[OPE-L:4972] RE: Expanded Reproduction

From: Drewk (Andrew_Kliman@msn.com)
Date: Mon Feb 19 2001 - 18:37:09 EST

In reply to OPE-L 4968.

Yes, Paul (Zarembka), my question to you is similar to my question
to Fred "in that you are looking for a criterion outside of two
positions to settle an
issue.  If we get past the above, who decides (a la third thesis
on Feuerbach)?"  I hadn't thought of them as the same or similar
questions until you pointed it out but, of course, you were right.

As for whether Marx's schemes of expanded reproduction provide (in
my view) a proof or the basis of a proof, I think the answer is
"both."  I wasn't referring to the numerical examples per se
(though I could -- see below), but to Marx's demonstration that Ic
doesn't pass through any (extra-departmental) market and is thus
not limited by the extent of demand in those markets.

The output of Dept. II is limited by the demand for consumer
goods.  The portion of Dept. I's output that goes to Dept. II is
limited by the growth of Dept. II, and thus, it is ultimately
limited as well by the demand for consumer goods.  None of this is
true of the portion of Dept. I's output that re-enters that Dept.
It is pure production for production's sake -- mining equipment to
produce coal, coal to produce steel, steel to produce mining
equipment, etc.   It can grow independently of personal
consumption since its demanders are capitals, not persons.

But there is also a numerical example of this phenomenon in Marx's
work -- his First Example of expanded reproduction (_Capital_ II,
pp. 586 ff, Vintage).  You write that

"In Marx's illustration, growth of Dept. I does NOT outstrip the
growth of Dept. II (see last chapter of Vol. 2, end of the
section: Marx's "First" illustration -- the more complicated
illustration in which the organic compositions differ between the
departments -- grows 10% annually for Dept. I, ditto for Dept. II,
and ditto for the total)."

Your interpretation of the example is the traditional one, to be
sure, but it is not exactly right.  Dept. I grows by 10% in
*every* year.  Dept. II grows by 10% in every year *except* the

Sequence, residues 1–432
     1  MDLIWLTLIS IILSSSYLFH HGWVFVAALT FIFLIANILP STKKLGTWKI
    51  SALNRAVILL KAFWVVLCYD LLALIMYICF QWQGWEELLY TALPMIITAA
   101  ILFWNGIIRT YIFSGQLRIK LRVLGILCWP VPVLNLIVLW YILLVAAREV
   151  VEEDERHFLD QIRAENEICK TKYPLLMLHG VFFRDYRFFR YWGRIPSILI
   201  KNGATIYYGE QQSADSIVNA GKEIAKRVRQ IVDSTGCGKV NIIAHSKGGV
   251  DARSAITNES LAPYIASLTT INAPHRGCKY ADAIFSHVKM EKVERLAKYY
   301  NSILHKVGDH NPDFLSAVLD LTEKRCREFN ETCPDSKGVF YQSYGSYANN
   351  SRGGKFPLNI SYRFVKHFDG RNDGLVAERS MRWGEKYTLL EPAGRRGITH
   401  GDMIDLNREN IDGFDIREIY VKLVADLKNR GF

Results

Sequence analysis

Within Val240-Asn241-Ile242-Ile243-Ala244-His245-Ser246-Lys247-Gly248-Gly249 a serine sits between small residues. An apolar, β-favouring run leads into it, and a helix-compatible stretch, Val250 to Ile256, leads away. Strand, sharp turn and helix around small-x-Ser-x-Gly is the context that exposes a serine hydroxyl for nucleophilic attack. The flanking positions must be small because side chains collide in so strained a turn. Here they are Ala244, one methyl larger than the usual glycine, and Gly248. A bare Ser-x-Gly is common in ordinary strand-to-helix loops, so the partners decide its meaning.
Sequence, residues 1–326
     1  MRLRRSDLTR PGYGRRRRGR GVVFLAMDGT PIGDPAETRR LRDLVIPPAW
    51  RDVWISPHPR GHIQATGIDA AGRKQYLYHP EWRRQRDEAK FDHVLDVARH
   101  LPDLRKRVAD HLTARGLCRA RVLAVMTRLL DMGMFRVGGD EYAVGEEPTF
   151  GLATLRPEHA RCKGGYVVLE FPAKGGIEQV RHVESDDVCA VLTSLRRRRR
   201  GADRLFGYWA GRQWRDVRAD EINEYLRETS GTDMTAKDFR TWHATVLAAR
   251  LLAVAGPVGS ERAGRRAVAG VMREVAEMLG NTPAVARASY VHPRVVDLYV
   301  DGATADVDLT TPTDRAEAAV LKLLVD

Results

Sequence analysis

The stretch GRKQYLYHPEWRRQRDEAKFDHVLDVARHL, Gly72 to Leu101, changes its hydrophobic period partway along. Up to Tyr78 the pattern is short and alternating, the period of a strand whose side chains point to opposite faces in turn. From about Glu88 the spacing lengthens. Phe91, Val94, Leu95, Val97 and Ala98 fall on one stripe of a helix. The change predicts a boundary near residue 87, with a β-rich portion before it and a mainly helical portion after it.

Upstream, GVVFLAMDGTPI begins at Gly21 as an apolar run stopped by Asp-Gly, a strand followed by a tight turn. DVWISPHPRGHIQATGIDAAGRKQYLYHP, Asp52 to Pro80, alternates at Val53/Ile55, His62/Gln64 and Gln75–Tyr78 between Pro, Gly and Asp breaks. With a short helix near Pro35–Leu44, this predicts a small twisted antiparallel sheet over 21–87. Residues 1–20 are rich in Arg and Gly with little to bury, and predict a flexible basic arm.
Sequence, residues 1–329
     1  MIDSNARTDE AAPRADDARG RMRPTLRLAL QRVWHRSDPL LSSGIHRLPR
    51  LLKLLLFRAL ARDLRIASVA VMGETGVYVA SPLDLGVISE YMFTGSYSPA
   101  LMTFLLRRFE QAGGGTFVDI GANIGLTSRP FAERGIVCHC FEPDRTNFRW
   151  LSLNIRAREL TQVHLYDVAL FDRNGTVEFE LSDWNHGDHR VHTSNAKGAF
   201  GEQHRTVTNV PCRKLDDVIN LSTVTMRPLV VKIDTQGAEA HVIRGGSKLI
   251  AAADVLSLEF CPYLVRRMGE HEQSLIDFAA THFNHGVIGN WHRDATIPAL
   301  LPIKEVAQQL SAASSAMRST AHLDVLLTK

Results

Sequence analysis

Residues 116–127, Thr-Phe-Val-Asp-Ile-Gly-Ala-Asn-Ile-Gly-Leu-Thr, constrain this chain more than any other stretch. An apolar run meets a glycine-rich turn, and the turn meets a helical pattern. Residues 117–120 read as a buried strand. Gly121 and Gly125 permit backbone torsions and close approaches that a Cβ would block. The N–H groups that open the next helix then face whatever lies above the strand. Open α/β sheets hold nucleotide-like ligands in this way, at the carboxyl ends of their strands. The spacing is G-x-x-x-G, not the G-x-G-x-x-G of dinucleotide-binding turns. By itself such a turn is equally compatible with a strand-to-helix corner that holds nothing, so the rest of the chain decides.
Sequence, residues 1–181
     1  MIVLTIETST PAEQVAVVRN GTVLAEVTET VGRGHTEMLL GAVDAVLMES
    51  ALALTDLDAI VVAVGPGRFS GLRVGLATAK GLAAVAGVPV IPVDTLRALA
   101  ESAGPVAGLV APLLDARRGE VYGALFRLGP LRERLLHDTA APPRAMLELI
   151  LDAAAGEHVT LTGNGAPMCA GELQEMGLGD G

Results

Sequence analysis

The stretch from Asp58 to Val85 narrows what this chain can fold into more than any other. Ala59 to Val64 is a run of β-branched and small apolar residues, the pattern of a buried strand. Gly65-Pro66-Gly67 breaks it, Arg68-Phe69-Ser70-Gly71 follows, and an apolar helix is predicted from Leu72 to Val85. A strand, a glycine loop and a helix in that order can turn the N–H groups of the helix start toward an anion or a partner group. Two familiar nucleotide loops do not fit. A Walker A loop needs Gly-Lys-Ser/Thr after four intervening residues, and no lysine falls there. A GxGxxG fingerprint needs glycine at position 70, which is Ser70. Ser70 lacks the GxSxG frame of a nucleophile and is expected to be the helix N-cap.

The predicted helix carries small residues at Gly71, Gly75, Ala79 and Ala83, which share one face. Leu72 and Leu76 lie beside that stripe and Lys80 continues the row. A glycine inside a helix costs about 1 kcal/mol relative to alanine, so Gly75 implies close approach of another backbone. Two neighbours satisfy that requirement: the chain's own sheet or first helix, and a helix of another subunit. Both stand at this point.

first.  In the first year, it grows by just 6.66...%.

Now, you may say "big deal," that this is just a disequilibrium
blip or something.  But once the dynamics involved in this
initially-lower-growth-of-Dept.-II-scenario are understood, it is
not hard to extend the disequilibrium blip ad infinitum, so that
Dept. II *continually* grows slower than Dept. I, and has a growth
rate that converges with that of Dept. I only in the limit.

I know it isn't hard because I have done it.  I'm referring to the
proof (in my view) I presented last year on this list.  It is
really just a matter of "stretching out" the what seems to be an
"initial adjustment" in Marx's example.  So it is in this sense
that Marx's schemes provide not only a proof but also the basis
for a different proof (e.g., mine).

Now, as long as technology and real wages are constant, Dept. II
must EVENTUALLY (at t = infinity) grow as fast as Dept. I.  But
not until then.  And not because of the growth of Dept. I being
limited by consumer demand.  Rather, Dept. II must grow fast
enough to feed Dept. I's workers.  If Dept. I's growth rate is
*permanently* higher than Dept. II's, then Dept. I's workers
starve.  Once we consider labor-saving technical change, however,
it is trivial to show that Dept. I's growth rate can permanently
exceed Dept. II's.   (Imagine a fully automated economy.)

One more thing:  Robinson's attempt to discredit the implications
of the schema.  I don't buy it at all.  The short version of why I
don't is that she has to invoke very irrational expectations on
the part of firms.  Imagine they DO expect that demand for the
output produced by their new prospective investments will be
forthcoming.  Then they all invest and, by doing so, they
themselves are bringing forth the additional demand.   The steel
producers buy coal because they expect additional demand for steel
from the mining equipment producers.  The mining equipment
producers buy steel because they expect additional demand for
mining equipment from the coal producers.  And the coal producers
buy mining equipment because they expect additional demand for
coal from the steel producers.

The only way for the Robinson story to work is if the firms think
wrongly that the demand will not be forthcoming.  Then they don't
invest and demand is insufficient as a result of a self-fulfilling
prophecy.  But why should they think like that?  They don't read



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